Big tech companies including Microsoft, Google, Meta, and Twitter have all taken proactive measures to disrupt the cyber attacks on Ukraine coming from Russian and Belarusian actors across multiple fronts.
Microsoft announced on Monday that it had discovered a brand-new strain of malware targeting Ukraine called FoxBlade. Not much is known about the new strain as of yet, but it’s the third strain of malware that has been found to be targeting organisations in Ukraine and the second identified by Microsoft.
FoxBlade indicators of compromise (IoCs) were shared immediately with Ukraine and protections against the malware were added to Microsoft Defender within three hours of discovery, Microsoft said.
Previous strains targeting Ukraine include HermeticWiper and WhisperGate, the latter of which dates back to January. Both of these strains are classed as ‘destructive malware’, involving a process of infection and data wiping. Experts have previously identified increasing use of these data wipers and predict continued use throughout 2022.
Microsoft said the malware-based cyber attacks have mainly been “precisely targeted” ones, different from the indiscriminate 2017 NotPetya malware operation which also affected Ukraine.
The company has also implemented measures to stop the spread of disinformation - another core tactic deployed by Russia in cyber space.
Microsoft, along with other big tech giants, has targeted Russia Today (RT) and Sputnik, two of the most prominent state-sponsored media outlets in Russia, and placed restrictions on their global reach.
These included blocking all content on Microsoft Start platforms such as MSN.com, de-ranking Bing search results, and removing RT news apps from the Windows Store.
Meta also announced on Monday that it had taken down a coordinated network of individuals carrying out inauthentic behaviour on Facebook.
The network was run by people based in Russia and Ukraine, Meta said, and involved the running of fake news websites and creating false personas across a variety of social media platforms.
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“Our investigation is ongoing, and so far we’ve found links between this network and another operation we removed in April 2020, which we then connected to individuals in Russia, the Donbas region in Ukraine and two media organizations in Crimea - NewsFront and SouthFront, now sanctioned by the US government,” said Meta.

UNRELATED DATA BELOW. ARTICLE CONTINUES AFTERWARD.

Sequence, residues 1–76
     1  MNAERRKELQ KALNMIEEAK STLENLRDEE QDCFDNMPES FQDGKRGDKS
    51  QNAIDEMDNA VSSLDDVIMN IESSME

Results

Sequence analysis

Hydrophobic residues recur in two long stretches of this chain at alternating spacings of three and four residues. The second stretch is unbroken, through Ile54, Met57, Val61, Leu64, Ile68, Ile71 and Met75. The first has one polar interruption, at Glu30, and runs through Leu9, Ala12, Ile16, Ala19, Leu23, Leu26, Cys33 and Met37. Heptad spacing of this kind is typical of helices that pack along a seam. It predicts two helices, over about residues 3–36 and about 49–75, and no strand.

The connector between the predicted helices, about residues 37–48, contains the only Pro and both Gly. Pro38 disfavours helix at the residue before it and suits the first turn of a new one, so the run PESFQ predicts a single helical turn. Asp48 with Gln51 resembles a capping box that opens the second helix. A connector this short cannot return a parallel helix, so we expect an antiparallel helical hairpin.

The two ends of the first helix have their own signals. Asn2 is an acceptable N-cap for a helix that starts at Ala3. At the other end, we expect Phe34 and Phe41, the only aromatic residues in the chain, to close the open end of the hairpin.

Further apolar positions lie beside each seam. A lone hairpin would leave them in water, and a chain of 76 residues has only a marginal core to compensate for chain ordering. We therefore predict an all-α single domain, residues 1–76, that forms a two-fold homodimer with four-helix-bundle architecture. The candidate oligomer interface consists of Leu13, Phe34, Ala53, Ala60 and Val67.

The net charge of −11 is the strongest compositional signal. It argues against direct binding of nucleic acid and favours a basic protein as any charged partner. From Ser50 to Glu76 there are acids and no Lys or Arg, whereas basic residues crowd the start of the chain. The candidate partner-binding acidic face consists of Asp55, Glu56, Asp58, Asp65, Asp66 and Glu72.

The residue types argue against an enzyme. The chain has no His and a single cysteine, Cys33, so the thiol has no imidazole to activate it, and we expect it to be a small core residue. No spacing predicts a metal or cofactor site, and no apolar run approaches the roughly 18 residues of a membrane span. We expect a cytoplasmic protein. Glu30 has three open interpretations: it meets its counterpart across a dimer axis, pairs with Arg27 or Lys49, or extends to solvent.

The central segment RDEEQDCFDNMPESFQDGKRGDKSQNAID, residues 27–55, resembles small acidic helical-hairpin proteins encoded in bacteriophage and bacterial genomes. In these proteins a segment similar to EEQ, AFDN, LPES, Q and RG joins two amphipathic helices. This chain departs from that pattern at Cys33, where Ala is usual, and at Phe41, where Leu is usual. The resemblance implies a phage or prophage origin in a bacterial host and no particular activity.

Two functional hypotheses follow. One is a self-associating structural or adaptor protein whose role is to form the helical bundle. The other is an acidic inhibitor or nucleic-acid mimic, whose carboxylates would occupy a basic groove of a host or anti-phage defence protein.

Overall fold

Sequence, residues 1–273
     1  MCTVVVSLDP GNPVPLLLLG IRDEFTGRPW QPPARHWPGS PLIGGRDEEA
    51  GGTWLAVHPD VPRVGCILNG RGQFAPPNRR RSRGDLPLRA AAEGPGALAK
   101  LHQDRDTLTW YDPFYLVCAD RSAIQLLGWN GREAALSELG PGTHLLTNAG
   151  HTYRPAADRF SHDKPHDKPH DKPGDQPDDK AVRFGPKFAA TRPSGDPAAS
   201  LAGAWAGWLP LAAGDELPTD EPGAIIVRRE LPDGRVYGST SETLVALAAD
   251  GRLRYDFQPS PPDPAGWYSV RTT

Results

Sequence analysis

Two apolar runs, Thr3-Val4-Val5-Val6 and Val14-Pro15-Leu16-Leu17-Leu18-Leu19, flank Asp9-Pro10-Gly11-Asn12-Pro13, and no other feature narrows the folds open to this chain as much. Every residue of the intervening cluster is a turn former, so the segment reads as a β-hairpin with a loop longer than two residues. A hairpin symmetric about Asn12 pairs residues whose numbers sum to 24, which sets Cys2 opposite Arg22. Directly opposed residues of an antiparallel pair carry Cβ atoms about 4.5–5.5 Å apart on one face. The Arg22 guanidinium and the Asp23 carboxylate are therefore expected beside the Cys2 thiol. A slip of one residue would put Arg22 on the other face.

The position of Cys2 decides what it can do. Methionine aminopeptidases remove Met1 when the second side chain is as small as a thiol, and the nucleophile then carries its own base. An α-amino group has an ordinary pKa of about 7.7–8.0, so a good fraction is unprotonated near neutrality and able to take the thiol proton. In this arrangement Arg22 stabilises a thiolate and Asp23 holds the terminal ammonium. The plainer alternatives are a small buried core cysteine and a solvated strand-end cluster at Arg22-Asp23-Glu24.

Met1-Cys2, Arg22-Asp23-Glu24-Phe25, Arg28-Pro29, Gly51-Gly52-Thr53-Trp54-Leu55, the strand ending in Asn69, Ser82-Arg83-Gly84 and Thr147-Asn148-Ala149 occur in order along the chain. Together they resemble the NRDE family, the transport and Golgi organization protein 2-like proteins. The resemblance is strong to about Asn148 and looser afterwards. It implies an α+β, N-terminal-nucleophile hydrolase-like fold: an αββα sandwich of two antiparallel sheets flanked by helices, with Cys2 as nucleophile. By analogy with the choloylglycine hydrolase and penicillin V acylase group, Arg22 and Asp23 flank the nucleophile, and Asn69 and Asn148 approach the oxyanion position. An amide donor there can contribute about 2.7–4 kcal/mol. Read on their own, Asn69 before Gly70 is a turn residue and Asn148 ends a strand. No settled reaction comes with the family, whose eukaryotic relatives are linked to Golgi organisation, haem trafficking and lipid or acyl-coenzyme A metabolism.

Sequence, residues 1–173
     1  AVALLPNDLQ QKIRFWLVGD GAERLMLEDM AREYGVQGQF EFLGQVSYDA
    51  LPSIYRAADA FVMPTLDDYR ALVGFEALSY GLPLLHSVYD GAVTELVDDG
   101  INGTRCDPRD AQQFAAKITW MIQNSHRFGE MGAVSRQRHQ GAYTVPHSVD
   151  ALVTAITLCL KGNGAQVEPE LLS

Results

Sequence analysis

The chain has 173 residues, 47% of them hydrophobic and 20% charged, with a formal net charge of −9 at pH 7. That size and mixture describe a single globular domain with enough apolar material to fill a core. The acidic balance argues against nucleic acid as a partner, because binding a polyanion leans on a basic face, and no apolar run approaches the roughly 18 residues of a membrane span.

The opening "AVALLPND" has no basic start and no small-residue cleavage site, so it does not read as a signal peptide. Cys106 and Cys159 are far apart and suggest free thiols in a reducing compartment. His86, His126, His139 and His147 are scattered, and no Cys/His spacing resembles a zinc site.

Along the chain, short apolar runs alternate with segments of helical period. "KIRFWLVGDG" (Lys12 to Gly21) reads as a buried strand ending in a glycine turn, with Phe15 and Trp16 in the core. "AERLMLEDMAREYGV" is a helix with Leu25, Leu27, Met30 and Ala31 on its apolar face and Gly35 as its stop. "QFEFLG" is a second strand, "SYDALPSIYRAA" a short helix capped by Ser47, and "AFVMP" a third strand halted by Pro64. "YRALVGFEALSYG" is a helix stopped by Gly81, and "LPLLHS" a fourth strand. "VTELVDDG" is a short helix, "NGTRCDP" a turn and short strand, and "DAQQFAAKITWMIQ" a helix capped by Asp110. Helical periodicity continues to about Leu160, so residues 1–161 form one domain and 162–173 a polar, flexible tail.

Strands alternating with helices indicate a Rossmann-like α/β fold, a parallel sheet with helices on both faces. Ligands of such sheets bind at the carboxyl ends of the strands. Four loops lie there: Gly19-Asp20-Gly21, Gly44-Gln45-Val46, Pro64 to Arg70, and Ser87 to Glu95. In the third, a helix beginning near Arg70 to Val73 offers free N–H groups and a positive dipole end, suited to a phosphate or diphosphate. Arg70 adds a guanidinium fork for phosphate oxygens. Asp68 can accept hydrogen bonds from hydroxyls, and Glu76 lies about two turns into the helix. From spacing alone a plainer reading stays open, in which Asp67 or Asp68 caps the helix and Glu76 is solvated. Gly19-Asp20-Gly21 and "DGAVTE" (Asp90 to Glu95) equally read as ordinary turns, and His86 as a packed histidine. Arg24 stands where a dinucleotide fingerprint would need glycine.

Facebook’s parent company also said it observed the long-tracked Ghostwriter hacking group targeting Facebook users, trying to break into their accounts to share videos portraying Ukrainian soldiers as weak and surrendering to Russia.
Shane Huntley of Google’s Threat Analysis Group (TAG) said his team has been tracking Ghostwriter for longer than a year and most recently observed it launching phishing attacks against the Ukrainian government.
Google has also blocked Russian state-backed media outlets from earning revenue on the YouTube platform, while also recommending their content to users less often, the company told Reuters on Saturday.
Separately, the EU announced that it is developing tools to ban the Kremlin’s “media machine” from spreading “lies” and “their toxic and harmful disinformation” to “justify Putin’s war”.
Twitter also said last week that it is “actively monitoring for risks associated with the conflict in Ukraine”, including disinformation campaigns, while announcing that it has suspended advertisements in Ukraine and Russia to ensure public service information is elevated.
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Connor Jones has been at the forefront of global cyber security news coverage for the past few years, breaking developments on major stories such as LockBit’s ransomware attack on Royal Mail International, and many others. He has also made sporadic appearances on the ITPro Podcast discussing topics from home desk setups all the way to hacking systems using prosthetic limbs. He has a master’s degree in Magazine Journalism from the University of Sheffield, and has previously written for the likes of Red Bull Esports and UNILAD tech during his career that started in 2015.